April 30, 2020
Governor Newsom Provides Update on California’s Pandemic Resilience Roadmap
SACRAMENTO – Governor Gavin Newsom, alongside California Department of Public Health Director and State Public Health Officer Dr. Sonia Angell, today laid out an update on California’s Roadmap to Pandemic Resilience, which discusses how the state is planning its path forward – in phases based on science, health and data.

Dear Industry Partners,

California’s relative success navigating the coronavirus health crisis once again confirms what we all know: Californians are a resilient bunch -- staying home and safe, for the most part, and flattening the pandemic’s curve as public health officials have hoped.

Gov. Newsom and his public health team have set out a methodical process for overcoming the health threat and phasing in the reopening of California’s economy, including the travel and tourism industry.

As he described on his daily briefing earlier today, this phased process will take time, continues to have an uncertain timeline, and relies exclusively on the state meeting benchmarks on health and safety preparedness. Reopening businesses and returning to some semblance of normal activity will roll out in four stages.

Of particular note to Visit California and partners across the state:

  • Phase one is now, and all industries should start making serious plans about how to retool workplaces and business practices to be safer.
  • Phase two will come within weeks, and could include opening schools for the 2020-21 academic year in July — the heart of the family vacation period — to make up for lost classroom time this spring. It also could include reopening some parks, trails, and restaurants.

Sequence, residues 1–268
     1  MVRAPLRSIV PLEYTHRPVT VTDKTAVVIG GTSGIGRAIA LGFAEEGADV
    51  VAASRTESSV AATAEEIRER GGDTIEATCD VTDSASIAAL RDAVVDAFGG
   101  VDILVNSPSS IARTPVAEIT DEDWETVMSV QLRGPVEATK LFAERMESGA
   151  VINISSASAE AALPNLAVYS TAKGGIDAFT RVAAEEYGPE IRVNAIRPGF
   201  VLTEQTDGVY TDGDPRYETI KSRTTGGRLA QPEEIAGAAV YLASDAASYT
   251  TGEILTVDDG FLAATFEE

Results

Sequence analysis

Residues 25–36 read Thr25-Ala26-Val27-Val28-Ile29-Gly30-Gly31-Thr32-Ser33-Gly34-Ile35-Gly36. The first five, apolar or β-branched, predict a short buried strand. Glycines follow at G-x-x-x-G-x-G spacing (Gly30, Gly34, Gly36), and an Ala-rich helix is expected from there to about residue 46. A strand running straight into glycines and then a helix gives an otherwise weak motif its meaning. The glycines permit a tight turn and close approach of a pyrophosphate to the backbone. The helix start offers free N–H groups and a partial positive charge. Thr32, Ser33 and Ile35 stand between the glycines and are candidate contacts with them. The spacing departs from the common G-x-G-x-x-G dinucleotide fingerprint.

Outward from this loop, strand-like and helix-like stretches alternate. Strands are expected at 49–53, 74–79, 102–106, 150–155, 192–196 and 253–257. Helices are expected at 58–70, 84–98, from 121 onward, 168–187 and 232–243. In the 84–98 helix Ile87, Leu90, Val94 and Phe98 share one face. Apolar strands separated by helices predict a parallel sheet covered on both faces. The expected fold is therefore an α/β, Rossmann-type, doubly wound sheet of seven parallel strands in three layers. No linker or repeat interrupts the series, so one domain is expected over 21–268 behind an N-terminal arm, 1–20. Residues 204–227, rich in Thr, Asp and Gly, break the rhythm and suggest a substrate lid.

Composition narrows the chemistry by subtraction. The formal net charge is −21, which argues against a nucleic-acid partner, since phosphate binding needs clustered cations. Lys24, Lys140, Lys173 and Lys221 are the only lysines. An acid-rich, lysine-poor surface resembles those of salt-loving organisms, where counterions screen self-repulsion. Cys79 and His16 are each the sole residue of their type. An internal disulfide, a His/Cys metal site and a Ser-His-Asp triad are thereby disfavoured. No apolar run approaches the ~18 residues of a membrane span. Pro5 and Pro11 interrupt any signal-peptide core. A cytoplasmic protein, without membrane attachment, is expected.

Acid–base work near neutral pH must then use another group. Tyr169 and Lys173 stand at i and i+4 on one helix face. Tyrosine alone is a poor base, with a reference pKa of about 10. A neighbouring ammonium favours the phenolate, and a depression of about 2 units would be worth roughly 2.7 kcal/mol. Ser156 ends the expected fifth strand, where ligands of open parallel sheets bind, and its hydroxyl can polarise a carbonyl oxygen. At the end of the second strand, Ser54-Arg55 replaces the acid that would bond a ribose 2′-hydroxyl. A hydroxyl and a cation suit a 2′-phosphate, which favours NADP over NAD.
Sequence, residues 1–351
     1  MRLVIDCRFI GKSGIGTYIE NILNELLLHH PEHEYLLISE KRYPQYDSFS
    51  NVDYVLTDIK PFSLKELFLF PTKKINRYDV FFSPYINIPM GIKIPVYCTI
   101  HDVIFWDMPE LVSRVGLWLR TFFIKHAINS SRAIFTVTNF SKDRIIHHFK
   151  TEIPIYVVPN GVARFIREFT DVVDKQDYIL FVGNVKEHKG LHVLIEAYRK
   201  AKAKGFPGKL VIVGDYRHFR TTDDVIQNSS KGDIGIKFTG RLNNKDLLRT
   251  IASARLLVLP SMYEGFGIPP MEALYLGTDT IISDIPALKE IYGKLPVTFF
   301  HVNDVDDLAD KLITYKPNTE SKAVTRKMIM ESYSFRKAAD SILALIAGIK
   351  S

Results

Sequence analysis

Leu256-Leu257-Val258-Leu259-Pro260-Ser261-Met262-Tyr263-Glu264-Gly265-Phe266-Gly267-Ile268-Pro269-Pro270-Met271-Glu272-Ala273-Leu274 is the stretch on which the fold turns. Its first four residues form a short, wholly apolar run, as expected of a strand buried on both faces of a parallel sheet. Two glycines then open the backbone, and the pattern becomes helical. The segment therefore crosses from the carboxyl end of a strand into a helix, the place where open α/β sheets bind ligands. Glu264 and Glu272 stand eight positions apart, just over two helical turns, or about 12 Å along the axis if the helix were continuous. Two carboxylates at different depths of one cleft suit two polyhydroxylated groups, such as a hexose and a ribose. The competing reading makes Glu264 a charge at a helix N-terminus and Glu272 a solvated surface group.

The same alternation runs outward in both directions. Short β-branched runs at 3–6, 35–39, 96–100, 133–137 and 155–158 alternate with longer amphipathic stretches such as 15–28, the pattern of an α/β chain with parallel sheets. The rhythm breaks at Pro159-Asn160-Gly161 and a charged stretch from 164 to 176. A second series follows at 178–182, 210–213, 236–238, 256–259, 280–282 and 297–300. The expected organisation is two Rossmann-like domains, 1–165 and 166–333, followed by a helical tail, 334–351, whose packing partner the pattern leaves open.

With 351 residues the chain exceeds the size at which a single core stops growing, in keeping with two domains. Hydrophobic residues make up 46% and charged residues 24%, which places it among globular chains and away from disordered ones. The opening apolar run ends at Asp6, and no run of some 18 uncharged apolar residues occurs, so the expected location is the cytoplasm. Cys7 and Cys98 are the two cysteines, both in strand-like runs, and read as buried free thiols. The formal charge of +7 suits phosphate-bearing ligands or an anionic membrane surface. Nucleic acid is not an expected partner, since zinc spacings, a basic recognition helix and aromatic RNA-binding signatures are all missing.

• Phase three is measured in months from now, and could allow some small gatherings, sporting events with no crowds, etc., and leisure travel.
  • Phase four, which includes sporting events with live audiences, concerts and meetings in convention halls “will take some time,” the governor said. Reaching that level will require a therapeutic response to the coronavirus. 

Waiting out this pandemic and watching the economic projections grow grimmer – nine times worse than 9/11, a 50 percent cut in tourism jobs and visitor spending statewide – is difficult, even for an industry that has recovered from economic downturns, natural disasters and other crises. Watching other states open up before us isn’t easy, either.

Still, we must trust in the government’s ability to restore the economy and protect the health of Californians. And we must trust in our industry’s ability to influence that process by providing constructive suggestions, best practices and detailed context about how we conduct business.

Isn’t it possible, for instance, to configure convention space that abides by physical distancing concerns?

Aren’t there protocols that would make drive-distance overnight trips safe?

These plans will continue to take shape, and Visit California will be monitoring closely. The governor’s task force on recovery includes several tourism/hospitality champions, and there is a possibility there will be a tourism subcommittee.

Moreover, the Governor’s Office of Business and Economic Development asked for feedback at this website. I encourage our industry to use this survey to provide feedback directly to the state government — our industry must make its voice heard.

As always, thank you for your support and resilience during this time.

Dream Big!

Caroline Beteta
President & CEO
Visit California
Targeted Resources to Help You Get Back to Business